The time-honoured tram, due to the sound it creates lovingly called “ding ding” by Hong Kongers, has been commuting with its double-deck waggons between East and West along the Northern shoreline of Hong Kong Island since 1904. The core route between Sheung Wan (Western Market) and Wan Chai/Causeway Bay is served by all of them, however, their final stops may differ. Moreover, some lines divert shortly before Causeway Bay towards Happy Valley where they run one loop while the other lines continue towards Shau Kei Wan at max.
These heritage means of transport poke along Hong Kong Island at an average speed of 7.9 kilometres per hour, while their maximum speed can only get as fast as 42 km/h. This is acceptable for short distances. Actually, I like it a lot to do some slow things in Hong Kong every once in a while to slow yourself down a little bit. In case you have something on your agenda and are short in time: avoid the tram and go for the MTR for all routes that span more than two MTR stops! The MTR is only neglectably more expensive (still cheap!) and much faster what makes more than up for the slight difference in fares.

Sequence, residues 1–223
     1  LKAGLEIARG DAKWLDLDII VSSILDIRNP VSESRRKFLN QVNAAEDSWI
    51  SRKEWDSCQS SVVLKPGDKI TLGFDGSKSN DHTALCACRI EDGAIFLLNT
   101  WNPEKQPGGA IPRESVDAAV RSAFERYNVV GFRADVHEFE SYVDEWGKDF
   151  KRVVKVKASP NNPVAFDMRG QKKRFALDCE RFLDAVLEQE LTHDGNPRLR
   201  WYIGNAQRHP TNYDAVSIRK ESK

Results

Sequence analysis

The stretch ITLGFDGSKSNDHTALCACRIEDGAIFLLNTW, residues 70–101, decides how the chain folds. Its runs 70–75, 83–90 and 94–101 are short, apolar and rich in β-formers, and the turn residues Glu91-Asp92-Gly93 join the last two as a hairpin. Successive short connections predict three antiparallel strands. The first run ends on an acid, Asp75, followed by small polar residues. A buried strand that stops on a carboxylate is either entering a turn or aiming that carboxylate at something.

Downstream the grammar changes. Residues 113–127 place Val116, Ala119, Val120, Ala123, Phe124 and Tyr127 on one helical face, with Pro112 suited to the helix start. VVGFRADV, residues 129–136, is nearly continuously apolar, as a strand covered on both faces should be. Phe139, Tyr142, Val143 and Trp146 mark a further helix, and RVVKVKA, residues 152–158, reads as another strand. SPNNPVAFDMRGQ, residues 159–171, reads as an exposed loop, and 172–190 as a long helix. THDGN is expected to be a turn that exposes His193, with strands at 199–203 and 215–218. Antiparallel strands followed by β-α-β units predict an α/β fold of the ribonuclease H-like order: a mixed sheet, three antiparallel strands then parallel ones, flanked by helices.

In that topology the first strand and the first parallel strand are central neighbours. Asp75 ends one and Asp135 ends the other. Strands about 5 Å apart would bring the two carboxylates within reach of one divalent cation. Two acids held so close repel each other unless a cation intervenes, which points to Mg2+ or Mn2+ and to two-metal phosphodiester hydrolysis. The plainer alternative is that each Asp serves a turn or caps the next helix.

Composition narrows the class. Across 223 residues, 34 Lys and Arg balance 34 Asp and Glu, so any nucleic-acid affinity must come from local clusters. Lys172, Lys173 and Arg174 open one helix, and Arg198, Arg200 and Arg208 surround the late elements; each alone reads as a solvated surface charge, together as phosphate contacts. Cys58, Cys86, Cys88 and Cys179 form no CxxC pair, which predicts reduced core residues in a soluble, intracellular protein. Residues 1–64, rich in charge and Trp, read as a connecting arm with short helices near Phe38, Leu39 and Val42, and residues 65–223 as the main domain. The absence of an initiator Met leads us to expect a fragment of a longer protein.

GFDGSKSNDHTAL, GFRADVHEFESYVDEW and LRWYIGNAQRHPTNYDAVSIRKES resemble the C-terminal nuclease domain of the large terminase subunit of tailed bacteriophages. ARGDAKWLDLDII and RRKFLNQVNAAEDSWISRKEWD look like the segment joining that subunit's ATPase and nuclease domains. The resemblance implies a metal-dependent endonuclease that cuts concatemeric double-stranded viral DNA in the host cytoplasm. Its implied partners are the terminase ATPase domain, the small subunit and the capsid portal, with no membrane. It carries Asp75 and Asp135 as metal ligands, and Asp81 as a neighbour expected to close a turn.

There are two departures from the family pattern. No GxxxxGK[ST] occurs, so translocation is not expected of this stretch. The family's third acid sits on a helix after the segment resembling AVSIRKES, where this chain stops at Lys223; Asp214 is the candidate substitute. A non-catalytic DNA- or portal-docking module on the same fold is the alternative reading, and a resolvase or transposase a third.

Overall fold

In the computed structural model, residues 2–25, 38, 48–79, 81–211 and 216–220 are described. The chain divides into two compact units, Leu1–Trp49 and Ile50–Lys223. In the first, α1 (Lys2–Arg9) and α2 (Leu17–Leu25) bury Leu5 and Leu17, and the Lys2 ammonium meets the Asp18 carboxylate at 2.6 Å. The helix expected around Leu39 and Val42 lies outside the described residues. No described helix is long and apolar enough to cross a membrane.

For tourists with plenty of time, however, it’s great fun and quite interesting to do a city tour on the top deck of a tram. Board the tram in Shau Kei Wan, allow for two hours, try not to fall asleep on the soft rumbling of the tram cars – and enjoy the changing scenery along the tram tracks all the way to Kennedy Town in the far West with all the dried seafood shops in Queen’s Road West definitely being one highlight of the trip!
One ride will always set you back by 2.30 HKD, no matter the distance travelled. Make sure you pay the exact amount, as no change will be given. Of course, as you know by now, it’s best and most convenient to pay by Octopus. In Hong Kong’s trams you’ll pay when exiting, so this is the third possible option for fare payment after bus (when entering) and MTR (check-in and check-out to calculate correct fares). But, after all, it’s really not that complicated and you’ll get used to it quickly.